A dog-walking companion recently told me she may be changing her mind about an issue that’s been in the local news lately. Specifically, she’s beginning to question our sheriff’s participation with ICE in the 287(g) program. Because “maybe it’s doing more harm than good.”
An article in the Aug. 5 issue seemed to suggest that our county executive and council might be having a similar change of mind and heart. They now seem at least tentatively committed to an independent audit of the sheriff’s office’s participation in the program, and to belatedly holding the annual public meeting that the sheriff avoided by quietly re-upping with ICE for another year. Given political realities, only time will tell how truly independent and open the audit and hearing will be. But I’m cautiously choosing to believe these are genuine, hopeful first steps toward requiring the transparency and accountability that have been lacking since the current sheriff took office more than 12 years ago.
I realize this may be wishful thinking by those of us who consider the sheriff/ICE partnership a terrible mistake. But I’m hopeful it’s more than that. As a colleague said recently, “I think it’s an awareness problem. If more people were aware of the program’s real impacts — as opposed to the unsubstantiated claims about it — I don’t think they’d want it to go on.”
I’m also reminded of the words of some residents of a conservative Tennessee community in a recent radio interview, after they witnessed the grief and helplessness of children who had lost family members in an ICE raid at a workplace earlier that day: “When I heard ‘crackdown on illegal immigration,’ I interpreted it as a crackdown on ... real criminals. ... I don’t think anybody ever really stopped to think that they were going to go after the family man working at the meatpacking plant. That’s not what I had in mind.” And “A lot of people ... after the raid felt stunned. ... There’s over 100 churches in the area. ‘Love thy neighbor.’ People here take that seriously.”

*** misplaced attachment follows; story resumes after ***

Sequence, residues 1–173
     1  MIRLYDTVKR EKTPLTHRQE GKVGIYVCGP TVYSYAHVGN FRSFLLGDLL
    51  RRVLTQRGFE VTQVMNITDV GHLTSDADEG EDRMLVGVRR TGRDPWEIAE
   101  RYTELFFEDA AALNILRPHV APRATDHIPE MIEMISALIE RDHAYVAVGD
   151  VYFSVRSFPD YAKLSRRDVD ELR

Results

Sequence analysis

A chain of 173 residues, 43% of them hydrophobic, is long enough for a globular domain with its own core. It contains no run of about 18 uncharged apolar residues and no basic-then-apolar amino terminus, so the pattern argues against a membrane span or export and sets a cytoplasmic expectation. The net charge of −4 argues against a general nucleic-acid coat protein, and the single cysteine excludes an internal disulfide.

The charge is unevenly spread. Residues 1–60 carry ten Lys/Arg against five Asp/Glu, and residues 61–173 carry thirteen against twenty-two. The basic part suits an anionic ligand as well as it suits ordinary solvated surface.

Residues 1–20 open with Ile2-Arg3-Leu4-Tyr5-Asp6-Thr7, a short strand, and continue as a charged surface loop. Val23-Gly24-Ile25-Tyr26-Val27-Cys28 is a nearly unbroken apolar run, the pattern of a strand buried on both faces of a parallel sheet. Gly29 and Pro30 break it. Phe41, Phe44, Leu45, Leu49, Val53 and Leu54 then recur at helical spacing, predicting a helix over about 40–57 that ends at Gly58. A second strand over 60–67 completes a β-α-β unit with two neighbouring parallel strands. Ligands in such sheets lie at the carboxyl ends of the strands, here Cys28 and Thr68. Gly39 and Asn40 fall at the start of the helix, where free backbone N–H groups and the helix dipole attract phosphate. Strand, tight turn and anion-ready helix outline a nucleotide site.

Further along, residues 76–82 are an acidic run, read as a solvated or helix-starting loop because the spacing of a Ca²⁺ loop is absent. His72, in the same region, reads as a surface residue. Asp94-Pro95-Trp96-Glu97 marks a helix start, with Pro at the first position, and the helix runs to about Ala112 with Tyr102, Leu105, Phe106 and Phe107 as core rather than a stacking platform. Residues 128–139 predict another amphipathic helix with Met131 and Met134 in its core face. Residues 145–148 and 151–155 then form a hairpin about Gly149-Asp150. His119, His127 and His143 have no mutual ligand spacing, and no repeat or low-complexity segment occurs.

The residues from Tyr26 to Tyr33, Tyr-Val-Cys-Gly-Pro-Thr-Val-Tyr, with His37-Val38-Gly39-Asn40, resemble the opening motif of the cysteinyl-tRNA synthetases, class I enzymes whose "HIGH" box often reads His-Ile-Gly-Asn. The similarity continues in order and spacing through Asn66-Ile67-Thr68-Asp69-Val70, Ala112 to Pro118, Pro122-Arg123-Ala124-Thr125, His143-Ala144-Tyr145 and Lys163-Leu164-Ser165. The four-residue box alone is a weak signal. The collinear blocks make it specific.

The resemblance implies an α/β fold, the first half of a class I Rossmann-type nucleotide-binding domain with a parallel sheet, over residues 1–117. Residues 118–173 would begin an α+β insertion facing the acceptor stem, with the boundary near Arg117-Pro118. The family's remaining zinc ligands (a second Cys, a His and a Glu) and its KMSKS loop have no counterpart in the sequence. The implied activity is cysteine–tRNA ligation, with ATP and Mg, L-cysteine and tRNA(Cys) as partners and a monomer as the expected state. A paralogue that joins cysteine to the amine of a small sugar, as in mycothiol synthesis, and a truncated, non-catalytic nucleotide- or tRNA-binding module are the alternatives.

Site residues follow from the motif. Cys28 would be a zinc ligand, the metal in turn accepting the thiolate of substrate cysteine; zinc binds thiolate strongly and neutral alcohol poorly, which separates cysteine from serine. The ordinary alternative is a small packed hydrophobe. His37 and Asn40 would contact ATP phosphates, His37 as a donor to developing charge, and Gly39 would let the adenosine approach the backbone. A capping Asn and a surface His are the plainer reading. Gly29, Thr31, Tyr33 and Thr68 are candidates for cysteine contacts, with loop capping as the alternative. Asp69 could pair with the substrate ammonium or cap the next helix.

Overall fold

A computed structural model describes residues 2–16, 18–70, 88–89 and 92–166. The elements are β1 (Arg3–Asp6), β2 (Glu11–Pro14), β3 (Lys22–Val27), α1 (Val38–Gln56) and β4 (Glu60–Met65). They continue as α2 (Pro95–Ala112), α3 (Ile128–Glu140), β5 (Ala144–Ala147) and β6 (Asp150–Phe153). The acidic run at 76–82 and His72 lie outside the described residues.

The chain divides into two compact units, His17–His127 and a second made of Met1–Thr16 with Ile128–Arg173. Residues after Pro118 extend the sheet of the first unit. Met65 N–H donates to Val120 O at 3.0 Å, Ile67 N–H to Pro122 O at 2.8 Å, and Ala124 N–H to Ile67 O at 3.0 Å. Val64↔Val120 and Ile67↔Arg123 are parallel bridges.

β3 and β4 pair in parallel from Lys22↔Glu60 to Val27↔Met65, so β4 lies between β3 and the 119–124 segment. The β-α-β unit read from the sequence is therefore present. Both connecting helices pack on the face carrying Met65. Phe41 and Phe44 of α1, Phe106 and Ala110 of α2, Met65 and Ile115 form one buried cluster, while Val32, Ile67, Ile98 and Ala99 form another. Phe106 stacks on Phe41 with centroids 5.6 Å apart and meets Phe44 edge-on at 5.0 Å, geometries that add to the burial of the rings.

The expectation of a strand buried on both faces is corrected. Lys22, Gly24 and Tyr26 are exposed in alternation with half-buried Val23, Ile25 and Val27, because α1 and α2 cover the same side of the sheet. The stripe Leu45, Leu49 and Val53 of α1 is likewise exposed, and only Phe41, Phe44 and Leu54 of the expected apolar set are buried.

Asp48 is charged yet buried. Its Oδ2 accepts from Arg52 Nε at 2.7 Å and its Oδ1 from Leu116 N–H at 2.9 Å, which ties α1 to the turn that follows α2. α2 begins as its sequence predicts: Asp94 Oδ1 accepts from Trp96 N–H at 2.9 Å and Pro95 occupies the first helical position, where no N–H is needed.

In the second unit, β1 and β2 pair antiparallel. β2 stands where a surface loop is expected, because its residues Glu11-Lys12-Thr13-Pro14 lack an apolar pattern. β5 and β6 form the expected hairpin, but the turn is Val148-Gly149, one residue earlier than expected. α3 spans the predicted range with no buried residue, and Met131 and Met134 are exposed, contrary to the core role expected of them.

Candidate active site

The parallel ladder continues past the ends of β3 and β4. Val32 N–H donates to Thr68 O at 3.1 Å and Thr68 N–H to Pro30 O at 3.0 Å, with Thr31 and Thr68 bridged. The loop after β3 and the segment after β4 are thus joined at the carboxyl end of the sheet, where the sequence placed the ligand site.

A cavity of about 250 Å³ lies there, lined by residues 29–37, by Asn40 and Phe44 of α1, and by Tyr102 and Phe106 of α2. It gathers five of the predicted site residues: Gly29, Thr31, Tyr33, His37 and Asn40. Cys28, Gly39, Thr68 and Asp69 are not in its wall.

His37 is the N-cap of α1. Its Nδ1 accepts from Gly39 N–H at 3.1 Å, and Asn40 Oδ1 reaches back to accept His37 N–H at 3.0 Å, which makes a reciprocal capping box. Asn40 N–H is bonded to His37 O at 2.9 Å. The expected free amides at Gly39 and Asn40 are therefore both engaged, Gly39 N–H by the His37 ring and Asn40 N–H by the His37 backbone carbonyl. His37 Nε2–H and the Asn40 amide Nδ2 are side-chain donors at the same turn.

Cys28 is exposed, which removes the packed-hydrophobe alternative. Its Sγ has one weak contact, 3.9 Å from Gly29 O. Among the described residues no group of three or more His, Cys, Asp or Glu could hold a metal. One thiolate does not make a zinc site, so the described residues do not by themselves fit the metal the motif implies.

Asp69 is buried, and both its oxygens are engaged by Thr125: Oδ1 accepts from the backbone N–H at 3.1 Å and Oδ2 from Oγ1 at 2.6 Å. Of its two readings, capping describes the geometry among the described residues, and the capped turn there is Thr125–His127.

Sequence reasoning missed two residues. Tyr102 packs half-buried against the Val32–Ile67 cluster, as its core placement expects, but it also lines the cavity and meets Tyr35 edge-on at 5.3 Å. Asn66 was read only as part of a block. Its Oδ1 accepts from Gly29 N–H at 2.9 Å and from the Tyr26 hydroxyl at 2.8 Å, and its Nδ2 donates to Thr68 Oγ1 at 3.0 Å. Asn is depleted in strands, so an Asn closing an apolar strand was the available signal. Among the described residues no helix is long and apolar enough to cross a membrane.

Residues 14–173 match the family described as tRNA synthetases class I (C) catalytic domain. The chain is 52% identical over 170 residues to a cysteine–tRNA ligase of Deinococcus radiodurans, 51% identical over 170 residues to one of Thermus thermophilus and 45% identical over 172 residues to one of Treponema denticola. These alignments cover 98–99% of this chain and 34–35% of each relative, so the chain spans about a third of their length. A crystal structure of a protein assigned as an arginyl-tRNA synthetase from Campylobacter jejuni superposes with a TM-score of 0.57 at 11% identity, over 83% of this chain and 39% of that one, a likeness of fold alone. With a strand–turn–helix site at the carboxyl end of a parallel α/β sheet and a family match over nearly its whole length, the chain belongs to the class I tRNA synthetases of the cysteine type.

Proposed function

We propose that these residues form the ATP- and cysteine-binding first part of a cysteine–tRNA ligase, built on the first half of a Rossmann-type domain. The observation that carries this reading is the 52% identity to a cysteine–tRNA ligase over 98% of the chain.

As confusion, misunderstanding, and passion about the issue increase, I believe what’s needed is greater awareness, willingness to look beneath the surface and the usual sound bites, and determination to honestly and thoughtfully confront a serious challenge to the quality of life, the conscience, and yes, the image of our entire community.